Daily News- January 14 - 2002- Monday


  • Burmese junta to build new artillery, infantry battalions in north
  • India concerned about Beijing's new naval base in Burma
  • Ministry rejects royal statue
  • Myanmar to Have More Electricity in Next Five Years
  • Burma rebels want talks with government to resume


  • Burmese junta to build new artillery, infantry battalions in north

    Text of report by Democratic Voice of Burma on 11 January

    A military study team from the SPDC [State Peace and Development Council] Defence Services toured places in Putao Township, Kachin State on 7 January and chose sites for establishment of new artillery and light infantry battalions. The team was led by Maj-Gen Thura Shwe Mann, joint chief of staff of army, navy, and air force; Maj-Gen Kyaw Win, chief of military training, Maj-Gen Ye Myint, chief of Bureau of Special Operations-1, and Brig-Gen Maung Maung Swe, the new northern military command commander.

    A site near Monlashidi Village in Putao Township was chosen for new artillery and infantry battalions while a site near Lon San Village in Putao Township was selected for a new light infantry battalion.

    After the dismissal of top generals including SPDC Secretary-3 Lt-Gen Win Myint and the reshuffling of regional commanders in November 2001, the SPDC has so far failed to issue any official news report. According to news report received by DVB [Democratic Voice of Burma], all 10 new commanders have already been appointed and the 10 former commanders have been reassigned. DVB has already reported about the 10 new commanders.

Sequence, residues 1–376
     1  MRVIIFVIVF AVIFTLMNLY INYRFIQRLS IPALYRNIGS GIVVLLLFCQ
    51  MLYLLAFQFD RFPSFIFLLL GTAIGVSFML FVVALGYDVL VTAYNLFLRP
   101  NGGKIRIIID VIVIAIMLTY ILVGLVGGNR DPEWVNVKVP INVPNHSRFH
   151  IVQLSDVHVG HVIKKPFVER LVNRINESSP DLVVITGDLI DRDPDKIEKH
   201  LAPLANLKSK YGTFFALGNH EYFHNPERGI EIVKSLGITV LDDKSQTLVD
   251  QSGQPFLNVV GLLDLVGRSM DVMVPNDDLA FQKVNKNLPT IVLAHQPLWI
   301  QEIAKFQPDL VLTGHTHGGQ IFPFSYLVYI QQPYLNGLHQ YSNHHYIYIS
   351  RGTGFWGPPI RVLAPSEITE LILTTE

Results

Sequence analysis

Of the 10 former commanders, the following four have been appointed as chiefs of Bureau of Special Operations. 1. Maj-Gen Khin Maung Than 2. Maj-Gen Ye Myint 3. Maj-Gen Maung Bo 4. Maj-Gen Aung Htwe .

    Of the remaining six, Maj-Gen Thura Shwe Mann was appointed as joint chief of staff of the army, navy, and air force; Maj-Gen Soe Win as chief of staff of air defence, Maj-Gen Tin Aye as chief of military ordnance, Maj-Gen Kyaw Win as chief of military training, Maj-Gen Thein Sein as adjutant-general; and Maj-Gen Tin Aung Myint Oo as quartermaster general. Since all the commanders' positions have been substituted, it is evident that the SPDC Secretary-2 and the SPDC Secretary-3 positions will not be filled. Observers believe that the reins of the current SPDC will be held by a troika of generals - [SPDC Chairman] Sr Gen Than Shwe, [SPDC Vice-Chairman] Gen Maung Aye, and [SPDC Secretary-1] Lt-Gen Khin Nyunt.They are also believed to control the ongoing talks with the opposition.

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    India concerned about Beijing's new naval base in Burma

    By Jon Dougherty
    WorldNetDaily.com

    China has agreed to a $1.5 billion deal to purchase two more Russian-built Sovremenny-class destroyers, which Beijing will add to its current growing blue-water fleet of ships able to operate further from Chinese shores.

    According to Defense News, the ships will be armed with a variety of modern, high-tech weapons and technology, including Moskit (Sunburn) anti-ship missiles, considered a legitimate threat against U.S. carriers and their accompanying battle groups. Russia sold China two Sovremmeny-class destroyers in 1997 for $1 billion, delivering them in 1999 and 2000. The new contract was signed Dec. 3.

    Meanwhile, the Indian government is concerned about the modernization of the Chinese navy, including a new naval base and port facility China is building in Burma.

    The base is being built at the mouth of the Irrawaddy River, across the Bay of Bengal from India, according to Al Santoli, national security aide to Rep. Dana Rohrabacher, R-Calif., and editor of The American Foreign Policy Council's China Reform Monitor newsletter.

    That project is being built with a large number of Chinese workers, Santoli said, and Burma has used Chinese contractors to produce the project.